Most of the énarques come from the upper social classes, often of families where there is already at least one énarque. Just ten per cent come from the working classes. This lack of diversity is one of the reasons for Macron to close the school. The president will now replace the ENA, and in good énarquian custom already has an abbreviation: the ISP (Institut du Service Public). Whether this will really change anything, or whether Macron is just serving up old wine in new bottles, the future will tell.
French civil servants preparing for the 21st Century
French civil servants preparing for the 21st Century
+++ 🥖 Good news for foodies who, like me, love to sink their teeth into the crunchy guignon of a still-warm baguette: the French baguette may be added to Unesco’s list of intangible heritage, just like Belgian beer. Cheers! +++ 💰💉 The number of billionaires in France has risen from 39 to 42. The most spectacular newcomer was Stéphane Bancel, CEO of Moderna Therapeutics with $4 billion. Merci qui ? Merci Corona ! +++ 🧹 Paris City Hall is waging a communication war with the hashtag #saccageparis. For two weeks now, Parisians have been tweeting disconcerting photos of dirty streets, dilapidated street furniture and other shabby conditions. Nothing to worry about, says the city hall. The critics are “close to the extreme-right”, so don’t whine! +++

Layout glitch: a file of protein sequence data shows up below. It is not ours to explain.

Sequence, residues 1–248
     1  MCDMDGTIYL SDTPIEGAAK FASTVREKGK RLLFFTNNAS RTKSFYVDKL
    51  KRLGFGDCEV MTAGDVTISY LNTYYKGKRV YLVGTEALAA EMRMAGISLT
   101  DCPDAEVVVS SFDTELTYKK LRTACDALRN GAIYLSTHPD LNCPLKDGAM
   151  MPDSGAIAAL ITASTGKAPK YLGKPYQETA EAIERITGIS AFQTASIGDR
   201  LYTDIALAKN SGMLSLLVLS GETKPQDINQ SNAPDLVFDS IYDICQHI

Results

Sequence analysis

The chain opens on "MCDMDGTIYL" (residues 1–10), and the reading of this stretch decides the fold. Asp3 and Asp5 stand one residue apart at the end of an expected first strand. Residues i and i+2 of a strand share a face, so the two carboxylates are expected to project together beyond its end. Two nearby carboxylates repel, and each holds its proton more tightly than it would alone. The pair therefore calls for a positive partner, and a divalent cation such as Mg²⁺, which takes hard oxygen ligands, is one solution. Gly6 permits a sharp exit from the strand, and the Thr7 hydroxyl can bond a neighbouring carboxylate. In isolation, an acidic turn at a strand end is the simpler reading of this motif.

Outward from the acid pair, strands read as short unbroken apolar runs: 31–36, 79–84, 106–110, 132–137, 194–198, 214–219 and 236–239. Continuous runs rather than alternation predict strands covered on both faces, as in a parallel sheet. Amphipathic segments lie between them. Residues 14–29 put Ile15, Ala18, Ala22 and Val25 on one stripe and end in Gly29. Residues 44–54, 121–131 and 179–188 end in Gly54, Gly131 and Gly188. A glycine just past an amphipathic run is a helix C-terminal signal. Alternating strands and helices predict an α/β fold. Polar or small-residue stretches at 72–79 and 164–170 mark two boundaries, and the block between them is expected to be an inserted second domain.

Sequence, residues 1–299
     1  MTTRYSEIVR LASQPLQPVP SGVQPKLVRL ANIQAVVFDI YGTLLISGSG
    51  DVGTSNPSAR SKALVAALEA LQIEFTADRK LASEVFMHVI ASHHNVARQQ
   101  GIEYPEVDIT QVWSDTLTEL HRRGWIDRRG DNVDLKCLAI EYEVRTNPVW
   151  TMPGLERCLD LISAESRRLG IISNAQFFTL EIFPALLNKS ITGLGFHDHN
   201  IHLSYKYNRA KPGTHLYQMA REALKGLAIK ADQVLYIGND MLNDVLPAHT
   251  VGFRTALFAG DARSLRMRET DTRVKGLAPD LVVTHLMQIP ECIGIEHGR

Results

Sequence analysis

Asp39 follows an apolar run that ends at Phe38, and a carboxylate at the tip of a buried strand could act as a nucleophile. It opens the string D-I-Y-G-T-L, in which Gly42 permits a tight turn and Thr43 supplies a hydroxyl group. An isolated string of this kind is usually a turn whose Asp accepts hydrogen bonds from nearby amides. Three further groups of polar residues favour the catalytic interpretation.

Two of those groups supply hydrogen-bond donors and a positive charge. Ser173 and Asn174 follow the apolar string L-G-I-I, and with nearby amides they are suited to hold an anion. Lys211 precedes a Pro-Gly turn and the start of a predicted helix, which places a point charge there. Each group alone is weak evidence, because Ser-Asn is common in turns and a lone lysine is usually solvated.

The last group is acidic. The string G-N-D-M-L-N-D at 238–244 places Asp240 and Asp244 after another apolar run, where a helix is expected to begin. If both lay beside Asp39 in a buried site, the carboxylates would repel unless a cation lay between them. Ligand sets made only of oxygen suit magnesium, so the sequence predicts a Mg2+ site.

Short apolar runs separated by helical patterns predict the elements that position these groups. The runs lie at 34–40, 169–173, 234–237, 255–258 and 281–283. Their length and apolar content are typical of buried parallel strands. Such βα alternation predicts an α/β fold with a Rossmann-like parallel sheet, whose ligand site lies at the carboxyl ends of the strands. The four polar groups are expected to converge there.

👌🏼 MERCI !
Thanks for reading and for the kind reactions you have been sending me recently. Please share this newsletter with colleagues and/or friends who are also interested in French politics. You can find all previous issues here. I welcome your questions and comments at
🇳🇱🇧🇪 This newsletter is also available in Dutch. Click here.
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Stefan de Vries
Stefan de Vries @stefandevries